In 2004, I was diagnosed with prostate cancer. I was shocked by this unexpected news, but the support I received was positive and overwhelming. I wanted to give back to the cause, and began working to do just that. In 2005, just one year after my diagnosis, I became involved in Atlantic Canada’s first Father’s Day Walk/Run. At the time, there were only two runs in Canada. Today, it is PCC’s signature event, with 15 locations throughout the country. Half of the money that our support group team raises goes to PCC, but the other half comes back to the local support group, to be used in our community.

Photo by: Stefan Davidson

Today, I’m the volunteer coordinator of PCCN Halifax – a support group for prostate cancer survivors and their families. It was important to me to give back; our support group provides the same type of help that I received when I was newly diagnosed. In May 2013, I was honoured to be named the CTV News “Maritimer of the Week” in recognition of my work to further the prostate cancer cause. At the end of the day, it’s about educating men and providing support to those who need it.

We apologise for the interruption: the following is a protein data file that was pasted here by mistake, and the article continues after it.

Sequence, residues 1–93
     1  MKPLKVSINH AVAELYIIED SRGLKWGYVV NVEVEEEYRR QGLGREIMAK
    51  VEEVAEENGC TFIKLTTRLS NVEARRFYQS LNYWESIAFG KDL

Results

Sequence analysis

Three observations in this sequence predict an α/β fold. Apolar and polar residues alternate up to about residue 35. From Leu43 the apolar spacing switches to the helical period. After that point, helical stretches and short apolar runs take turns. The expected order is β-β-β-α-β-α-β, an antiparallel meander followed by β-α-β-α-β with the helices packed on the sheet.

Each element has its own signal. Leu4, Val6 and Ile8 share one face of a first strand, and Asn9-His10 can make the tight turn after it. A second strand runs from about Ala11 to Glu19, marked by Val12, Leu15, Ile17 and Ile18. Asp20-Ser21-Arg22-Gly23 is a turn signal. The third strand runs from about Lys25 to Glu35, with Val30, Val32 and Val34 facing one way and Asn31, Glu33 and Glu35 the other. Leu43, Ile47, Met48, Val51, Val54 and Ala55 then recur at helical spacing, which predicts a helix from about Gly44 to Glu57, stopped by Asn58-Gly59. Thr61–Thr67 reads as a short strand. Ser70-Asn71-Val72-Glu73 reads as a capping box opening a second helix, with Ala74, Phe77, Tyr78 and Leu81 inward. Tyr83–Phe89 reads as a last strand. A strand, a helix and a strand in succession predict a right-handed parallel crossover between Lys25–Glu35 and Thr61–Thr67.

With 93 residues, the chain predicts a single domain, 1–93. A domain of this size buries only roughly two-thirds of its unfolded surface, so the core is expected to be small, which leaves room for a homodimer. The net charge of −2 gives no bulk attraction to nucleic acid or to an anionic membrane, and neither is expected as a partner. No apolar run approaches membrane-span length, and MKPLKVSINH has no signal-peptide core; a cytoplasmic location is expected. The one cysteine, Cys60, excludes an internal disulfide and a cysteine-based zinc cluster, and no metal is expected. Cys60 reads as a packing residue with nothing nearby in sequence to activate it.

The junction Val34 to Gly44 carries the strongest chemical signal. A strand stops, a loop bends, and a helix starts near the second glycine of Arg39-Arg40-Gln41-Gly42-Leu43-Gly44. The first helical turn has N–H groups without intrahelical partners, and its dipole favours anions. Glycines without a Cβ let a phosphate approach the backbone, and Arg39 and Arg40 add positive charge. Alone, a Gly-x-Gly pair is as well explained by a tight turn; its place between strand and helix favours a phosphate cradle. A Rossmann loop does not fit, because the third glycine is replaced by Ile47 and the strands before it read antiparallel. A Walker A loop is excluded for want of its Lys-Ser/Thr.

Peter MacDonald Volunteer

The Heart of Safeway No Canadian corporation plays a more significant role in the fight against prostate cancer than Canada Safeway – not one. Each June, more than 6,000 Safeway cashiers drive the success of an over $1 million in-store awareness and fundraising campaign. 224 stores, in five provinces, engage tens of thousands of Canadians with messages around awareness and early detection of prostate cancer. In 2012, we celebrated the 10th anniversary of our partnership; Canada Safeway’s generous support of Prostate Cancer Canada has

resulted in a donation of more than $10 million over the past decade. Worldwide, Safeway is the foremost corporate leader in raising awareness and funds for prostate cancer. Led by our American neighbours, Safeway has contributed almost $80 million to prostate cancer research around the world, including Canada. Monies raised from the 2012 Canada Safeway Prostate Cancer Awareness Campaign are directed to continued support of Prostate Cancer Canada’s PC-STAR Project at the Vancouver Prostate Centre. The goal of which is to develop new treatments for advanced prostate cancer that no longer responds to hormone therapy.